Marco Rubio’s Supposed Expertise On Foreign Policy Leaves Much To Be Desired

Marco Rubio is often described as one of the GOP's leaders on foreign policy, but a close look reveals a decided lack of substance.


Marco Rubio

Michael Brendan Dougherty isn’t very impressed with Marco Rubio’s supposed foreign policy expertise:

Rubio has a reputation for foreign policy expertise because he chooses to talk about foreign policy often, promises large budgets to the Pentagon, and mostly pronounces the words correctly. Rubio’s foreign policy consists of babyish moralizing, a cultivated ignorance of history, and a deliberate blindness to consequences. This is the same “foreign policy expertise” that led to a misbegotten war in Iraq and empowered Sunni insurgencies across the Middle East.

It will be enormously popular among people who think nothing of wasting money and other people’s lives. Or as Rubio may one day call them from the West Wing, “my fellow Americans.”

As Dougherty notes earlier in his post, though, when you actually look at the substance of Rubio’s statements on foreign policy issues, there seems to be far less substance than his boosters lead people to believe, and in the end not very much to be broad about. Generally speaking, it is fair to put Rubio among the hawks in the Republican Party along with people such as John McCain and Lindsey Graham. While he did end up briefly joining Rand Paul’s 2013 filibuster on drones, the fact is that he and the Senator from Kentucky are quite far apart when it comes to foreign policy issues even after you take Paul’s recent moderation into account. For example, Rubio has been one of the most vocal critics of the President’s opening to Cuba and continues to defend an decades old embargo that had outlived its usefulness when the Senator was attending college. Given his ties to the hardliners in the Cuban immigrant community in Miami, this is perhaps not surprising, but the fact that he continues to cling to a policy that has no rational basis, serves no rational purpose, and hurts the Cuban people far more than it helps them is a fairly apt demonstration of the extent to which his ideas are rooted in the past.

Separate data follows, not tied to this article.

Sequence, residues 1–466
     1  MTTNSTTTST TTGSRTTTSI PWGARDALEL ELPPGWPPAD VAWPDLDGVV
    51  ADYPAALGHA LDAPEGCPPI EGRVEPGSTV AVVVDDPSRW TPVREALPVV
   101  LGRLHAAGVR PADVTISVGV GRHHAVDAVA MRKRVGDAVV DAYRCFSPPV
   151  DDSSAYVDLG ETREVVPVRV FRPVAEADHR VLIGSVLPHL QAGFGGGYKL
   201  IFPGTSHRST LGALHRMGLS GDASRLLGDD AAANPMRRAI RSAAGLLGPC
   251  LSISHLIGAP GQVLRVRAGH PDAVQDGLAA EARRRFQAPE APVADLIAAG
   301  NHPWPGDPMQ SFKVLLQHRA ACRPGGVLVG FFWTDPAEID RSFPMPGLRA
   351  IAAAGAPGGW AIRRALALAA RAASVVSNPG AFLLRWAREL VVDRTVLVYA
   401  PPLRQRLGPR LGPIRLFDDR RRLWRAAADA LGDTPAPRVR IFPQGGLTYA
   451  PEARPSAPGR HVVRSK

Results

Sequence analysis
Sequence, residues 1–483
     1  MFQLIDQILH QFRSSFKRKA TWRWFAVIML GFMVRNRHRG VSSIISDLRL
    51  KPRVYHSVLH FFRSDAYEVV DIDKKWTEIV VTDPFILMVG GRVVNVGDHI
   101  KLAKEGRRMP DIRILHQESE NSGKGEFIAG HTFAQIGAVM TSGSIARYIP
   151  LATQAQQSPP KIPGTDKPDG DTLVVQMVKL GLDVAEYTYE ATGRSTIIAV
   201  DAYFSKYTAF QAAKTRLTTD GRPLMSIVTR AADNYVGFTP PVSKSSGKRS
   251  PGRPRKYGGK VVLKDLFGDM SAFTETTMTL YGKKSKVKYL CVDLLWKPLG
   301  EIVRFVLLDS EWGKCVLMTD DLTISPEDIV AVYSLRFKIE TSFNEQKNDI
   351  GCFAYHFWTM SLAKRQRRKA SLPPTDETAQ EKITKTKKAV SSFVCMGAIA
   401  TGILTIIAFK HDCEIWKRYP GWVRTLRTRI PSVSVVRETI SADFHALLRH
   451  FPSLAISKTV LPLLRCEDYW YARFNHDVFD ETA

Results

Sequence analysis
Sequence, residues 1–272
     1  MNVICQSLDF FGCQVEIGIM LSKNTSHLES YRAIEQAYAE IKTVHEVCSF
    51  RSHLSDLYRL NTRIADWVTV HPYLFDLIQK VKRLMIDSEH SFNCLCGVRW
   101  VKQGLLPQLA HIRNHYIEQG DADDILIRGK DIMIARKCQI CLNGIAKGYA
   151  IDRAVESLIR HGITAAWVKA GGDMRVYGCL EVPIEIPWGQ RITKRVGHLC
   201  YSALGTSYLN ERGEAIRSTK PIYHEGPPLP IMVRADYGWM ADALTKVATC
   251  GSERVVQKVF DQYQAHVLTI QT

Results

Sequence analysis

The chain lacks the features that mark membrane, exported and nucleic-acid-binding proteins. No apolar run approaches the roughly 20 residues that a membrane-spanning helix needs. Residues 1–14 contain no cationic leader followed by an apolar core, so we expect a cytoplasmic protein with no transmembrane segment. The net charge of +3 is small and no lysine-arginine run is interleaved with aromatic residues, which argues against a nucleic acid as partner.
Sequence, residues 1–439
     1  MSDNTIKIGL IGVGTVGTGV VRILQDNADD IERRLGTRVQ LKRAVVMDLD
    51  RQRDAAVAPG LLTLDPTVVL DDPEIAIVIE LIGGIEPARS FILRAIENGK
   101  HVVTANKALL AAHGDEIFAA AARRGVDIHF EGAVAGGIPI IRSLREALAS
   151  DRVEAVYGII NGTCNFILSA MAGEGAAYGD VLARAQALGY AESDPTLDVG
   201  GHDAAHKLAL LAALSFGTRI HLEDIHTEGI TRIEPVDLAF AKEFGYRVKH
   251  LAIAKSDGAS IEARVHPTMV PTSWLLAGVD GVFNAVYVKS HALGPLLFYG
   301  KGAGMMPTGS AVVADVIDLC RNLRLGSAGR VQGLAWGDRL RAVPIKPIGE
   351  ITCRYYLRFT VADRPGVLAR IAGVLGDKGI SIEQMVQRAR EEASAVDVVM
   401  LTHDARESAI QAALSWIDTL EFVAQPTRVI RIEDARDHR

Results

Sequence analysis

Rubio’s ideas are also stuck in the past when it comes to dealing with what’s left of our principal Cold War adversary. As the Ukraine crisis has unfolded over the past year, the Senator has urged the Administration to take a harder and harder and supported the idea of sending Western arms to Ukraine, Like many Republicans, he seems to hold to the somewhat naive idea that Putin would simply back down from Russia’s territorial claims in Crimea and elsewhere if only the United States had a President who acted “tougher, forgetting among other things that when it comes to Europe, the United States can’t simply act alone but must take the position of our NATO allies into account. Additionally, he seems to accept the rather misguided idea that Putin’s actions are based in Cold War era revanchism rather than traditional Russian nationalism. As a result, he espouses policy ideas that seem more appropriate for the 1980s than the 21st Century.